CS Miano's new push for ease of doing business in Kenya laudable

Trade and Investment Cabinet Secretary Rebecca Miano during an interview with the Standard. [Edward Kiplimo, Standard]

Every so often, policy measures are instituted that have a direct impact on the economic well-being of the country. Cabinet Secretary Rebecca Miano’s recent launch of the Karibu Business Support Centres is one such measure. It reveals prescient thinking on the part of the CS and her team working behind the scenes to enable ease of doing business in Kenya.

Businesses are key drivers of economic growth. Yet anyone setting up shop in Kenya will, more often than not, be hamstrung by the numerous rules and procedures required. Even on the best of days, information on investment opportunities is never usually forthcoming without a monetary inducement demanded by some who must be suborned to provide crucial services.

The Karibu centres are the perfect antidote. They are at once a source of information and, at the same time, facilities to aid in the registration of businesses. Karibu centres are a one-stop shop! And therein lies the genius; that under one roof, anyone desiring to set up a business in the country can obtain information on investment, manufacturing and trade, expedite the administrative procedures that one requires to operate a business, get facilitation to access regional and global markets amongst other services.

The other stroke of genius lies in the fact that Karibu centre services will be accessible from multiple purpose-built locations.

There are centres in Kisumu, Eldoret, Mombasa and Kariobangi South in Nairobi to be operationalised in the coming weeks as others are later rolled out in a phased manner countrywide. Having access from multiple locations obviates the need to travel long distances for those in need of Karibu services.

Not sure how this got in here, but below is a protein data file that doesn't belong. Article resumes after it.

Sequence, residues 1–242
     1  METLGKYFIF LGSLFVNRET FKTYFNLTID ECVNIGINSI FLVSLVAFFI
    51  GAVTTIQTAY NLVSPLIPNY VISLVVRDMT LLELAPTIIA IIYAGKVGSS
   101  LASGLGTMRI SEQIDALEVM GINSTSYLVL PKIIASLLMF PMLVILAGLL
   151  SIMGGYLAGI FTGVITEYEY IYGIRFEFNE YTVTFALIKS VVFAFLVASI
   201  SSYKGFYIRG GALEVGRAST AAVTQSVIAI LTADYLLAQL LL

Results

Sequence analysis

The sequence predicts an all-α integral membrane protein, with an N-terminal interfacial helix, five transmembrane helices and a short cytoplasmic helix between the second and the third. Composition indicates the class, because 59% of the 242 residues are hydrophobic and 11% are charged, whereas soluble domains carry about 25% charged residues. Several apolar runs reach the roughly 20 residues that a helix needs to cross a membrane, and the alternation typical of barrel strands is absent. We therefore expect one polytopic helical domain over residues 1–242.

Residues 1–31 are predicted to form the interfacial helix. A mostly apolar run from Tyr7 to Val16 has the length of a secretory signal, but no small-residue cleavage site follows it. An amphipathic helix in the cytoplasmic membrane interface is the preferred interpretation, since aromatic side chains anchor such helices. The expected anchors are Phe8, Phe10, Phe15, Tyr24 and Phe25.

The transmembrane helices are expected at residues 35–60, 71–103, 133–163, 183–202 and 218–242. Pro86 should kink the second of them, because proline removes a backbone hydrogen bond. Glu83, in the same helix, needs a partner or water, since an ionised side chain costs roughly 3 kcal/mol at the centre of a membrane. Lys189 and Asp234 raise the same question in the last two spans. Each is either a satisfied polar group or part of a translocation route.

Yet another stroke of genius is the simultaneous establishment of the Karibu Business Support Online Portal. This virtual service offers the same access to comprehensive business information and interaction with government agencies on matters of investment, industry and trade. It aligns with two things: the concept of a digital government where the old way of doing things is discarded in favour of new, effective approaches. Second, it appeals to Kenya’s youthful and tech-savvy demographic cohort whose numbers are a boon to the economy in terms of production and markets.

The value of ease of doing business in a country cannot be gainsaid.

In fact, there is a global ranking for countries dependent on the conduciveness of the regulatory environment in starting and operating a local firm. According to a World Bank report, Kenya is ranked 4th in Africa after Mauritius, Rwanda and Morocco. It is 56th globally out of 190 countries reviewed.

A conducive environment to start and operate a business will not only enhance domestic and foreign investment in trade and manufacturing but also increase the contribution of the same to the country’s GDP.

Which is why CS Miano and her team at the Ministry of Investments, Trade and Industry deserve plaudits. They have worked quietly but effectively to overcome the bureaucratic hurdles that have been the bane of businesses for far too long.

At the launch of the Karibu centres, the CS said, “the centres are not just brick-and-mortar establishments but symbols of commitment to facilitate the ease of doing business in Kenya.  This is a commitment that will serve many generations to come.

Leonard Khafafa, Public Policy Analyst

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